“The Way to Life: Meditation” by Rev. Cody Sandahl – May 7, 2017

Lay Reader = Matthew 14:6-14

6But when Herod’s birthday came, the daughter of Herodias danced before the company, and she pleased Herod 7so much that he promised on oath to grant her whatever she might ask. 8Prompted by her mother, she said, “Give me the head of John the Baptist here on a platter.” 9The king was grieved, yet out of regard for his oaths and for the guests, he commanded it to be given; 10he sent and had John beheaded in the prison. 11The head was brought on a platter and given to the girl, who brought it to her mother. 12His disciples came and took the body and buried it; then they went and told Jesus.

13Now when Jesus heard this, he withdrew from there in a boat to a deserted place by himself. But when the crowds heard it, they followed him on foot from the towns. 14When he went ashore, he saw a great crowd; and he had compassion for them and cured their sick.

Introduction

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We are still in our series looking at how our spirituality can be life-giving. Last week we looked at life-giving fasting, and we were encouraged to remove something from our lives for a time (to fast), and then to replace the time we spent on that to listen to what God has to say to us. That’s how NOT eating something can be the most nourishing thing for your soul.

This week we’re looking at meditation. Now, probably you’re picturing something like a Hindu monk sitting cross-legged, maybe some cinnamon incense burning nearby, softly intoning “Ohm.” But Christianity has meditation as well. We already saw it in our first text – what did Jesus do when he heard that his cousin and friend John the Baptist had been killed by Herod? He withdrew to a deserted place by himself. He meditated!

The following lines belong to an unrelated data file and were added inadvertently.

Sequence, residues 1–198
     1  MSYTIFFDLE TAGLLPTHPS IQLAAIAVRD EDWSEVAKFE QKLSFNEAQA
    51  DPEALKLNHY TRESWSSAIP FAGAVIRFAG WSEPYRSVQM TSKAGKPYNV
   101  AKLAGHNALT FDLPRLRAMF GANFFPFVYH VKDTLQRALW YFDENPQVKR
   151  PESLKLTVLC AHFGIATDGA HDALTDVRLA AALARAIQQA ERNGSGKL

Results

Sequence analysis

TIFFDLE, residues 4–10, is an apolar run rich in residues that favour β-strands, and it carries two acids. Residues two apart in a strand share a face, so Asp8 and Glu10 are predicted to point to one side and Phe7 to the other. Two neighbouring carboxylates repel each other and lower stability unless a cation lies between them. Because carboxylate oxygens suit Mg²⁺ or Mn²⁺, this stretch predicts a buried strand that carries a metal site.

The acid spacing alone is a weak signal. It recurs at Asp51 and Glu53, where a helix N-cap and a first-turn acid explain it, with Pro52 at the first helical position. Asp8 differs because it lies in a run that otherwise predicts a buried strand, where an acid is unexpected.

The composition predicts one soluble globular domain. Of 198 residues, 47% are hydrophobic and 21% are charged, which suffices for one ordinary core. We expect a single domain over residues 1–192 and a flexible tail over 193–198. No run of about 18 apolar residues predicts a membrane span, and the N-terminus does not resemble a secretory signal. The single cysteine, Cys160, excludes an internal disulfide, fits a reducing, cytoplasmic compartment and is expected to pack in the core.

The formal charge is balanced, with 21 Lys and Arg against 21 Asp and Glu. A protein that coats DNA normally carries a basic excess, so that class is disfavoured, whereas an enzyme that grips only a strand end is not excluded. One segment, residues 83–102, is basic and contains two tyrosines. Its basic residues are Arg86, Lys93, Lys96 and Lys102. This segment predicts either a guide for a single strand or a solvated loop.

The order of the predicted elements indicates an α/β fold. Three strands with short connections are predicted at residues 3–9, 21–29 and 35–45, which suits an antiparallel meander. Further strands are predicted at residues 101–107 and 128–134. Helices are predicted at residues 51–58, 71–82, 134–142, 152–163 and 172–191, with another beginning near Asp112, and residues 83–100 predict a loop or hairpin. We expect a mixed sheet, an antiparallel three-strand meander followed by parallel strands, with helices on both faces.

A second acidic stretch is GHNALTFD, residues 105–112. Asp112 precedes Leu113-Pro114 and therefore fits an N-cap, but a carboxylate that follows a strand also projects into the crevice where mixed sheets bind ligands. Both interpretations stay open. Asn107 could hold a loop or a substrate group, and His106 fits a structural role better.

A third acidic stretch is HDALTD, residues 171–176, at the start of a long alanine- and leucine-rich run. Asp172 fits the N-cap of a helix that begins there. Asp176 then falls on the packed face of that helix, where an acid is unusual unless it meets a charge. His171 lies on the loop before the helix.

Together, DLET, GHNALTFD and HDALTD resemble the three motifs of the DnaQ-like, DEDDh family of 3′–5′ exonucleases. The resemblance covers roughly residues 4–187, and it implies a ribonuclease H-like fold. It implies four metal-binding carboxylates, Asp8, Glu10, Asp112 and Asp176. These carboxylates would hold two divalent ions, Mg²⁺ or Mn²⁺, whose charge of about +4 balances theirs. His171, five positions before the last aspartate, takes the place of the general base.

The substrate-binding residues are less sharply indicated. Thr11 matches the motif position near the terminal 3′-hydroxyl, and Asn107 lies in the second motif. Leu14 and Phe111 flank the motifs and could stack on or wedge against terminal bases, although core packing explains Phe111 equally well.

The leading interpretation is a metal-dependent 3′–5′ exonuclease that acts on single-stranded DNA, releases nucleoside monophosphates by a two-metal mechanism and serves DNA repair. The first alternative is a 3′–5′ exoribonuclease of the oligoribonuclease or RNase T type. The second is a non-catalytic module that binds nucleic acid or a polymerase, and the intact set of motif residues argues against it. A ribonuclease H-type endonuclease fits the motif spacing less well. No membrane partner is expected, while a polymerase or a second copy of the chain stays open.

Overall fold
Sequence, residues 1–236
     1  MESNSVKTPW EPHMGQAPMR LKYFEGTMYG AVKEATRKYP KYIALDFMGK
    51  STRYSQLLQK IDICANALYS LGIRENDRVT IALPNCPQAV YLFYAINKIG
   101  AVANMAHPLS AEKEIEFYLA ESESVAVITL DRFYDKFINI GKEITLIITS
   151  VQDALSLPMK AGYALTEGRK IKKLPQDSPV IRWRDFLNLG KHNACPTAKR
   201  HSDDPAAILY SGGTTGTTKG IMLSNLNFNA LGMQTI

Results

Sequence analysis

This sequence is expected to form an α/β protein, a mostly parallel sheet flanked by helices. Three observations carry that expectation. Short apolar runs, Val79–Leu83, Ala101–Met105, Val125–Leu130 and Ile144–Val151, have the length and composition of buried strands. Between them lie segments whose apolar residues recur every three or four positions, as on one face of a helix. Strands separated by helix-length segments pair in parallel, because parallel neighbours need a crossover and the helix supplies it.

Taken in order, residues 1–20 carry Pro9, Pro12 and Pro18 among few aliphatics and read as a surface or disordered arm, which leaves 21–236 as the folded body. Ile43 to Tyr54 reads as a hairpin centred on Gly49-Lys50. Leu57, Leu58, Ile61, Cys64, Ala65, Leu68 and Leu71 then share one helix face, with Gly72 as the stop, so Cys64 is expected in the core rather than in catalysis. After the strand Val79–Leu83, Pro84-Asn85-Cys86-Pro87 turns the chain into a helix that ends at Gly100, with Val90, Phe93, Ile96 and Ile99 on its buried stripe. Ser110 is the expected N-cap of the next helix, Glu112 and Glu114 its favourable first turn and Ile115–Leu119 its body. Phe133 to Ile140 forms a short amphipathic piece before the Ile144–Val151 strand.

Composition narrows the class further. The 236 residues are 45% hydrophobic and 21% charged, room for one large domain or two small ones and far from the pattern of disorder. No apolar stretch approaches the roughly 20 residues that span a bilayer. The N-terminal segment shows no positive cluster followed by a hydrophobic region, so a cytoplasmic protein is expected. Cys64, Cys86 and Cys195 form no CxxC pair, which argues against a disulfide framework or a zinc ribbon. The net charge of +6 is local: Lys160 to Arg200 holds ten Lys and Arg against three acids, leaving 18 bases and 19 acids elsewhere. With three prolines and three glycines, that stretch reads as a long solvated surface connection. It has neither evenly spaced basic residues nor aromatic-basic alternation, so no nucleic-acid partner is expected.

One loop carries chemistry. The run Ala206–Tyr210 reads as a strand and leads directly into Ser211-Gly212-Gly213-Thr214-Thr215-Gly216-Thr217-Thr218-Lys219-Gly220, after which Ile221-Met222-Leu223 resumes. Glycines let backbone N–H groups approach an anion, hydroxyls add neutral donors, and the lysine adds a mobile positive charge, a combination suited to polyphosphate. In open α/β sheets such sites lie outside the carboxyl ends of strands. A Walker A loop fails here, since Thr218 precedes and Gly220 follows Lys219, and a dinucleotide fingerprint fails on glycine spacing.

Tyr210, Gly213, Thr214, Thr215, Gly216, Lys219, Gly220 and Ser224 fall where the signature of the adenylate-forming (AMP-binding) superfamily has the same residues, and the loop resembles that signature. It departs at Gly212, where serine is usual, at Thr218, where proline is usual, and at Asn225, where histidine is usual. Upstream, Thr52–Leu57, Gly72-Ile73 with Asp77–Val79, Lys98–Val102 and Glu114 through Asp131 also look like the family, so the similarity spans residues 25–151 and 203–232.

German theologian Dietrich Bonhoeffer was well-known for his practice of meditation. And when he was asked why he meditated, he replied, “Because I am a Christian.” He saw meditation as an essential practice of our faith. So now that we know that Jesus meditated, and now that we know that meditation could be an essential practice of our faith, our second text outlines the two most important ideas in Christian meditation.

Luke 11:24-28

24“When the unclean spirit has gone out of a person, it wanders through waterless regions looking for a resting place, but not finding any, it says, ‘I will return to my house from which I came.’ 25When it comes, it finds it swept and put in order. 26Then it goes and brings seven other spirits more evil than itself, and they enter and live there; and the last state of that person is worse than the first.”

27While he was saying this, a woman in the crowd raised her voice and said to him, “Blessed is the womb that bore you and the breasts that nursed you!” 28But he said, “Blessed rather are those who hear the word of God and obey it!”